All aboard Danielle Smith’s bullet train to never-ending Alberta super-growth

Better make room for more neighbours, Albertans. So many more.

If the premier has it right, the province’s population is on track to more than double in the time it will take my three-year-old to turn 30.

And in this mid-century, 10-million-person future of Smith’s telling, you can take trains from Banff to Calgary and then at high-speed onto Edmonton; we’ll still get most of our power from natural gas yet also reach net-zero emissions, as the “greenest energy producer in the world”; our taxes will be remain rock bottom and our public services will be world class.

This sketch of Tomorrowland, Alta., comes in this week’s provincial throne speech. 

By design, these speeches offer an outlook through rose-coloured glasses — every province is world class and “the very best Canada has to offer” according to its respective throne speech — but the one Smith’s speechwriters gave Lt.-Gov. Salma Lakhani to read is something more.

Extra-sparkly-rosy? Well, to try another metaphor, it’s certainly bullish in asserting the province’s population will outstrip British Columbia and Québec by 2050.

To be sure, Alberta’s currently growing at a current clip not seen since 1981, having grown by a staggering 184,400 in the last year to hit 4.7 million.

5,300,000 to go

The throne speech, however, projects that pace to continue unabated.

“As we surpass five million people in the coming 24 months, Alberta’s government must set priorities and guide its work through the lens of understanding that by 2050, our province is projected to be the second largest in the country with a population approaching 10 million people,” the speech states.

It’s not clear where this growth estimate came from, because the premier’s office didn’t respond to a query Monday.

It could be that somebody just added 184,400 to Alberta’s population every year through 2050. It’s certainly not the government’s own forecasts, which back in July projected Alberta to have 7.1 million people by 2051 — or 8.6 million in its “high” scenario.

Nor is it clear how it’s posited that the province will surpass British Columbia, a province that is currently 17 per cent more populous, or Québec and its 8.9 million current residents, according to the latest Statistics Canada estimate. That agency doesn’t think Alberta’s outgrowing either province in its forecast, while Québec projects it will also nearly hit 10 million by 2050, with a lot less growing needed for it to get there.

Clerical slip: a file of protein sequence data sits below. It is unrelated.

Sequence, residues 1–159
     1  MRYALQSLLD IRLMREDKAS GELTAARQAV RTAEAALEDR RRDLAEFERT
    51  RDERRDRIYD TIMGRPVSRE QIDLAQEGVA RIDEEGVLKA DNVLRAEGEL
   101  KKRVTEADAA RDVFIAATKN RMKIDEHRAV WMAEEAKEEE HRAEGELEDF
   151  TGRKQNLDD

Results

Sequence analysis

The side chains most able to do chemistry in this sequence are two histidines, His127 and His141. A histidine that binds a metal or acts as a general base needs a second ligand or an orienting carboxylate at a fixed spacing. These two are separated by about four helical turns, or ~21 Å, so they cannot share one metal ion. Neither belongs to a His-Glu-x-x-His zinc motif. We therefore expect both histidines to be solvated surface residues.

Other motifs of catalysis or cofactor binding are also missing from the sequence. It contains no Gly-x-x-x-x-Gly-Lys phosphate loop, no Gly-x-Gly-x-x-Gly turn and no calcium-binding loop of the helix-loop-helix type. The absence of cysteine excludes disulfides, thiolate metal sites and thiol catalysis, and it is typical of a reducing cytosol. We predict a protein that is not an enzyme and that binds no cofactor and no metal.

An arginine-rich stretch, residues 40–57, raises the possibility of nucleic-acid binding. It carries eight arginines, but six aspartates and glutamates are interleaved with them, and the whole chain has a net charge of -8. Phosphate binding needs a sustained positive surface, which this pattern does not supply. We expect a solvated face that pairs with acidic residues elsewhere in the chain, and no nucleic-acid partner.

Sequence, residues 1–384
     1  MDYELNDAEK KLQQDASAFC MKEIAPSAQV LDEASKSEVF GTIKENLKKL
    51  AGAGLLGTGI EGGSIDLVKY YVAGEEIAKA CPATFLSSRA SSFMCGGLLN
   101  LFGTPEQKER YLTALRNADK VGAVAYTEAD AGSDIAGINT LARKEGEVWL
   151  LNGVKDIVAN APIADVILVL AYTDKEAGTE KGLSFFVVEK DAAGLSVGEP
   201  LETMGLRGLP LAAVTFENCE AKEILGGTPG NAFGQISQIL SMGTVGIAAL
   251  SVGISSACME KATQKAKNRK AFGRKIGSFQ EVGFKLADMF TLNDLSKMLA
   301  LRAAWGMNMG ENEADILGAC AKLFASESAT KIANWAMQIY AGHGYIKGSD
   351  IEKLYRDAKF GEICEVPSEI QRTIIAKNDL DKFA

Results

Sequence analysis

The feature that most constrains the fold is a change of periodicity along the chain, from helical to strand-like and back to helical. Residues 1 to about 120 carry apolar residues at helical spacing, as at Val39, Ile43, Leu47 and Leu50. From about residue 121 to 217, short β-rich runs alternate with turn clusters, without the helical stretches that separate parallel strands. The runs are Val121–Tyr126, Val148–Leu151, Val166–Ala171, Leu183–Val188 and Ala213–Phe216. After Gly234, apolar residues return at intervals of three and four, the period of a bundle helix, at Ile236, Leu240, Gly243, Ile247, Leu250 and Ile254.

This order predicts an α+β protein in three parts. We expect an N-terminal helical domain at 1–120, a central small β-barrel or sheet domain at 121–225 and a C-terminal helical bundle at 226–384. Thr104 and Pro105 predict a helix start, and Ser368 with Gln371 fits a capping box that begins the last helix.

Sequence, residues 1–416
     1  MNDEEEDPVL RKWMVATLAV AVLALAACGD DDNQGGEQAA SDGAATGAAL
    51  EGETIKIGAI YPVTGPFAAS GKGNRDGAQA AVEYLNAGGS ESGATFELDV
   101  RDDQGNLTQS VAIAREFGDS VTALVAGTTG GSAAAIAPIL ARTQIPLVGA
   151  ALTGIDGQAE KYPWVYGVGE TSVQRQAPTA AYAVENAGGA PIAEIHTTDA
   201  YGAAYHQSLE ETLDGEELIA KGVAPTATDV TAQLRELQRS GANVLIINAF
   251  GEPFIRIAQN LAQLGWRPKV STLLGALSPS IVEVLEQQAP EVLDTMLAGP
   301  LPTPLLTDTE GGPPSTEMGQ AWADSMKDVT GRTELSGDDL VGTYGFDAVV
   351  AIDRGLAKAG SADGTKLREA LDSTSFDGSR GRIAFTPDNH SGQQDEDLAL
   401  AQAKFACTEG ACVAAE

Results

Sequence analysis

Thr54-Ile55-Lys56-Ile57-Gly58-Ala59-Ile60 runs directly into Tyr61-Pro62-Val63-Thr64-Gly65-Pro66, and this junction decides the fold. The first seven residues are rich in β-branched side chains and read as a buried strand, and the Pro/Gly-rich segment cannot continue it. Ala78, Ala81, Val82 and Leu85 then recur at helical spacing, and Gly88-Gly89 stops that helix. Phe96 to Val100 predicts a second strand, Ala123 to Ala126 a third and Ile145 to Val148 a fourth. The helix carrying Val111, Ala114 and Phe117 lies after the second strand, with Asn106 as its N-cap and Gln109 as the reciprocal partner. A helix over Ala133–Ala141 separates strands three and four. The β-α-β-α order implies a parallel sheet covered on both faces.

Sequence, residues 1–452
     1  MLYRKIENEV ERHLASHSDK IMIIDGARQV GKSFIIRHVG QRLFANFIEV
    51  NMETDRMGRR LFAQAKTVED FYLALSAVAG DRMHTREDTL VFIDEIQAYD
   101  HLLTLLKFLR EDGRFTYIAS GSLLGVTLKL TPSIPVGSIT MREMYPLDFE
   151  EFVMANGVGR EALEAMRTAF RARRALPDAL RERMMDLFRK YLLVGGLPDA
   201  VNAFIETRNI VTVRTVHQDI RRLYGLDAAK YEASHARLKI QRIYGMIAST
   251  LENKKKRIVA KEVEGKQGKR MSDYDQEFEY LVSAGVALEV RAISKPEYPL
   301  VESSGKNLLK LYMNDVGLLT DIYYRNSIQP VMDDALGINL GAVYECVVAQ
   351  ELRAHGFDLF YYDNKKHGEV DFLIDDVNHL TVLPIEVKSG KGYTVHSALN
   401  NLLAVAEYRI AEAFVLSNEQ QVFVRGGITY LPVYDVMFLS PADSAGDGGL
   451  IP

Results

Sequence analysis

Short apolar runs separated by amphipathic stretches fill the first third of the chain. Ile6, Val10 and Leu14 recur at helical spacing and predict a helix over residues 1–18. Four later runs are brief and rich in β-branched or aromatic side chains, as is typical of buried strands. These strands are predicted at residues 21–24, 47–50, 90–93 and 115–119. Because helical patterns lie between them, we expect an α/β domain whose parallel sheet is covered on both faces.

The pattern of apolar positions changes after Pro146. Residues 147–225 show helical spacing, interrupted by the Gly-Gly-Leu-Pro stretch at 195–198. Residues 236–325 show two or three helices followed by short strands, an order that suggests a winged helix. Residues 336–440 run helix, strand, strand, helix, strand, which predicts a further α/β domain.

A woman holds a pen and touches her face with the same hand while sitting in a legislature chamber.
Premier Danielle Smith listens to a throne speech that twice suggests a 10-million-person Alberta by 2050. (THE CANADIAN PRESS)

But according to this legislature-opening address, this new reality of boundless ultra-growth is the reality Smith believes her government should plan toward.

It’s within that frame of mind that Smith referred to not one but two oft-discussed rail projects: a train from Banff to Calgary’s downtown and airport, and that perennial dream of a high-speed link between Alberta’s two biggest cities.

“And yes, we need to start planning for the inevitable need for high-speed rail through the Calgary-Red Deer-Edmonton corridor when six to seven million Albertans eventually call that corridor their home,” the speech stated, its “and yes” perhaps showing awareness of the endless cycle of feasibility studies that keep putting off a transport idea that not even the Québec-Ontario corridor has achieved yet.

The last provincial study in 2014 concluded it wasn’t a good idea, with ridership not even making it a good investment by mid-century. But a 10-million-person province wasn’t envisioned in that report.

“When you have that kind of population, it all of a sudden becomes economic,” Smith told reporters. She didn’t say what planning work is next; a private company’s 2021 proposal for a $9-billion line remains alive, its proponents told CBC News on Monday.